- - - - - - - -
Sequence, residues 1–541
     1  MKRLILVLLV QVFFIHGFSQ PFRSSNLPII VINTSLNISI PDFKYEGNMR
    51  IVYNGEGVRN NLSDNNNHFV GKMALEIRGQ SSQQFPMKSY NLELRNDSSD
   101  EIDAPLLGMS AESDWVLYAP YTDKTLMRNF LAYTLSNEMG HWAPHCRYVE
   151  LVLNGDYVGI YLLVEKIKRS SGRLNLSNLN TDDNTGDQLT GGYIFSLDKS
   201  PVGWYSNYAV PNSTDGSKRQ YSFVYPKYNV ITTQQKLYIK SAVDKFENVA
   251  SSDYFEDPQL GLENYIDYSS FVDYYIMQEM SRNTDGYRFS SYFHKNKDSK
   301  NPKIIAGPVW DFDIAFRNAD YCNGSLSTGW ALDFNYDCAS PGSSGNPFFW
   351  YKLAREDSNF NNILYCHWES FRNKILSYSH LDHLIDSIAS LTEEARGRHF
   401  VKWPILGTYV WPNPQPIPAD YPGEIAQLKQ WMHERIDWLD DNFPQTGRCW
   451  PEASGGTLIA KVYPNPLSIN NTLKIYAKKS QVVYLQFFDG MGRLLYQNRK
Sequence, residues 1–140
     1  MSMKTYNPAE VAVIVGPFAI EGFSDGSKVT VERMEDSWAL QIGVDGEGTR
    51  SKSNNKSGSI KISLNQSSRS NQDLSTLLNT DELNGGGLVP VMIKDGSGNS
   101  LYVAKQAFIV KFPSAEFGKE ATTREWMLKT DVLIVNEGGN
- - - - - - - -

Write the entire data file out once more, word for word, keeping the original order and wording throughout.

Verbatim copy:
Sequence, residues 1–541
     1  MKRLILVLLV QVFFIHGFSQ PFRSSNLPII VINTSLNISI PDFKYEGNMR
    51  IVYNGEGVRN NLSDNNNHFV GKMALEIRGQ SSQQFPMKSY NLELRNDSSD
   101  EIDAPLLGMS AESDWVLYAP YTDKTLMRNF LAYTLSNEMG HWAPHCRYVE
   151  LVLNGDYVGI YLLVEKIKRS SGRLNLSNLN TDDNTGDQLT GGYIFSLDKS
   201  PVGWYSNYAV PNSTDGSKRQ YSFVYPKYNV ITTQQKLYIK SAVDKFENVA
   251  SSDYFEDPQL GLENYIDYSS FVDYYIMQEM SRNTDGYRFS SYFHKNKDSK
   301  NPKIIAGPVW DFDIAFRNAD YCNGSLSTGW ALDFNYDCAS PGSSGNPFFW
   351  YKLAREDSNF NNILYCHWES FRNKILSYSH LDHLIDSIAS LTEEARGRHF
   401  VKWPILGTYV WPNPQPIPAD YPGEIAQLKQ WMHERIDWLD DNFPQTGRCW
   451  PEASGGTLIA KVYPNPLSIN NTLKIYAKKS QVVYLQFFDG MGRLLYQNRK
Sequence, residues 1–140
     1  MSMKTYNPAE VAVIVGPFAI EGFSDGSKVT VERMEDSWAL QIGVDGEGTR
    51  SKSNNKSGSI KISLNQSSRS NQDLSTLLNT DELNGGGLVP VMIKDGSGNS
   101  LYVAKQAFIV KFPSAEFGKE ATTREWMLKT DVLIVNEGGN